• ruficeps. Acrocoelia ruficeps Mayr, 1853a: 147 (w.) AUSTRIA. Junior synonym of scutellaris: Mayr, 1855: 469.
  • grouvellei. Crematogaster scutellaris var. grouvellei Bondroit, 1918: 115 (w.q.) FRANCE. Junior synonym of scutellaris: Bernard, 1967: 164.
  • lichtensteini. Crtematogaster scutellaris var. lichtensteini Bondroit, 1918: 114 (w.) FRANCE. Junior synonym of scutellaris: Bernard, 1967: 164.
  • corsica. Crematogaster scutellaris var. corsica Santschi, 1921b: 435 (w.) FRANCE (Corsica). Junior synonym of scutellaris: Casevitz-Weulersse, 1990a: 137.
  • degener. Crematogaster scutellaris var. degener Santschi, 1937e: 310 (w.) TUNISIA. Junior synonym of scutellaris: Casevitz-Weulersse, 1990a: 137.

Description

References

  • Baroni Urbani, C. 1964a. Su alcune formiche raccolte in Turchia. Annu. Ist. Mus. Zool. Univ. Napoli 16: 1-12 (page 4, material of the unavailable name hybrida referred here)
  • Baroni Urbani, C. 1971c. Catalogo delle specie di Formicidae d'Italia (Studi sulla mirmecofauna d'Italia X). Mem. Soc. Entomol. Ital. 50: 5-287 (page 79, see also)
  • Bernard, F. 1967a [1968]. Faune de l'Europe et du Bassin Méditerranéen. 3. Les fourmis (Hymenoptera Formicidae) d'Europe occidentale et septentrionale. Paris: Masson, 411 pp. (page 164, Senior synonym of grouvellei and lichtensteini)
  • Bordoni, A., L. Dapporto, I. Tatini, M. Celli, M. Bercigli, S. R. Barrufet, B. Perito, and S. Turillazzi. 2018. Trans-generational immunization in the acrobat ant Crematogaster scutellaris. Biology Letters. 14:20170761. doi:doi:10.1098/rsbl.2017.0761
  • Casevitz-Weulersse, J. 1990b. Étude systématique de la myrmécofaune corse (Hymenoptera, Formicidae) (Première partie). Bull. Mus. Natl. Hist. Nat. Sect. A Zool. Biol. Écol. Anim. (4) 12: 135-163 (page 137, Senior synonym of corsica and degener)
  • Emery, C. 1912e. Beiträge zur Monographie der Formiciden des paläarktischen Faunengebietes. Teil XI. Dtsch. Entomol. Z. 1912: 651-672 (page 652, see also)
  • Emery, C. 1922c. Hymenoptera. Fam. Formicidae. Subfam. Myrmicinae. [part]. Genera Insectorum 174B: 95-206 (page 143, Combination in C. (Acrocoelia))
  • Frizzi, F., C. Ciofi, L. Dapporto, C. Natali, G. Chelazzi, S. Turillazzi, and G. Santini. 2015. The Rules of Aggression: How Genetic, Chemical and Spatial Factors Affect Intercolony Fights in a Dominant Species, the Mediterranean Acrobat Ant Crematogaster scutellaris. Plos One. 10. 15 pp. doi:10.1371/journal.pone.0137919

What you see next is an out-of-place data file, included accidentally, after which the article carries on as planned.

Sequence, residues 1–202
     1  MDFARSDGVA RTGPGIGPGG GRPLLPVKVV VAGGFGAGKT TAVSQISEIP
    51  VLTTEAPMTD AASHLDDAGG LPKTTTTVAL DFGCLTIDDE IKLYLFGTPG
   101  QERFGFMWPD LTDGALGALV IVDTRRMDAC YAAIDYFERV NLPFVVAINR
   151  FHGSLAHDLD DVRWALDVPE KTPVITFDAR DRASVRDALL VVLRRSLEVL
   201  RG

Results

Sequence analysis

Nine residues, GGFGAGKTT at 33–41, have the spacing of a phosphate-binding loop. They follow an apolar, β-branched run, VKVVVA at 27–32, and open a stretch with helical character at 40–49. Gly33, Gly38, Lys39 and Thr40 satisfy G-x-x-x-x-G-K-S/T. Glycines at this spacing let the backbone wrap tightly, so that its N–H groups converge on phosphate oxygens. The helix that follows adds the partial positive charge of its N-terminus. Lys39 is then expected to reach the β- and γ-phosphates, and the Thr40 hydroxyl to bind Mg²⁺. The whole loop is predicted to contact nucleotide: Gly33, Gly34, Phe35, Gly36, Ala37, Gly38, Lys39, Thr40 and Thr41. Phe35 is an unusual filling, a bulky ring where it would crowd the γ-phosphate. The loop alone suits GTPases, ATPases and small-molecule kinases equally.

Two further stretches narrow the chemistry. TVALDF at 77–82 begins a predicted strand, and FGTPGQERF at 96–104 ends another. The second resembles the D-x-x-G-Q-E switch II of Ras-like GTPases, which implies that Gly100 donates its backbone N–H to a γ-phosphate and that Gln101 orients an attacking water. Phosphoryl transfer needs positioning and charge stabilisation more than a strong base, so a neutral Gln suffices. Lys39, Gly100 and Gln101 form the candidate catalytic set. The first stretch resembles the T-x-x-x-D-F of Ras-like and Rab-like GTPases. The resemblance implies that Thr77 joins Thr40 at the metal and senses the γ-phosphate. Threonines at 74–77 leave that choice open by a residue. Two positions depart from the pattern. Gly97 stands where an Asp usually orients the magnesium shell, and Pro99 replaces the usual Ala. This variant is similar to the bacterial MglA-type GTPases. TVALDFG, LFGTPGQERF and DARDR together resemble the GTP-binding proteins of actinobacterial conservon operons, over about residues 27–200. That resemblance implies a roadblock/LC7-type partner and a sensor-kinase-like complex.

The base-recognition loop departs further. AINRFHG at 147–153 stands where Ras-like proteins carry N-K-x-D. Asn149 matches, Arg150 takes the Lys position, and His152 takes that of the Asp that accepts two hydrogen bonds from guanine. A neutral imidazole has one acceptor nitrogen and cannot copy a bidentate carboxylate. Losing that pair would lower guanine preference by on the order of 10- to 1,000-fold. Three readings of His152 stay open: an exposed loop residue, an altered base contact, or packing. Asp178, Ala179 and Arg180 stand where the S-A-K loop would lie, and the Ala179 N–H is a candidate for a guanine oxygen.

• Karaman, M. G. 2010. New data of the genus Crematogaster Lund, 1831 (Hymenoptera: Formicidae) in Crna Gora (Montenegro), Part I: Crematogaster scutellaris group of species. Türkiye Entomoloji Dergisi 34:419-434. PF
  • Kutter, H. 1977c. Hymenoptera, Formicidae. Insecta Helv. Fauna 6: 1-298 (page 88, see also)
  • Mayr, G. 1855. Formicina austriaca. Beschreibung der bisher im österreichischen Kaiserstaate aufgefundenen Ameisen, nebst Hinzufügung jener in Deutschland, in der Schweiz und in Italien vorkommenden Arten. Verh. Zool.-Bot. Ver. Wien 5: 273-478 (page 469, queen, male described, Combination in Crematogaster, page 469, Senior synonym of rediana, rubriceps and ruficeps)
  • Olivier, A. G. 1792. Encyclopédie méthodique. Histoire naturelle. Insectes. Tome 6. (pt. 2). Paris: Panckoucke, pp. 369-704. (page 497, worker described)
  • Rigato, F.; Toni, I. 2011. Short notes 21. Hymenoptera, Formicidae. Pp. 873-882 in: Nardi, G.; Whitmore, D.; Bardiani, M.; Birtele, D.; Mason, F.; Spada, L.; Cerretti, P. (eds.) 2011. Biodiversity of Marganai and Montimannu (Sardinia). Research in the framework of the ICP Forests network. Conservazione Habitat Invertebrati, 5. Sommacampagna, Verona: Cierre Edizioni, 896 pp.
  • Roger, J. 1863b. Verzeichniss der Formiciden-Gattungen und Arten. Berl. Entomol. Z. 7(B Beilage: 1-65 (page 36, Senior synonym of haematocephala)
  • Stitz, H. 1939. Die Tierwelt Deutschlands und der angrenzenden Meersteile nach ihren Merkmalen und nach ihrer Lebensweise. 37. Theil. Hautflüger oder Hymenoptera. I: Ameisen oder Formicidae. Jena: G. Fischer, 428 pp. (page 128, see also)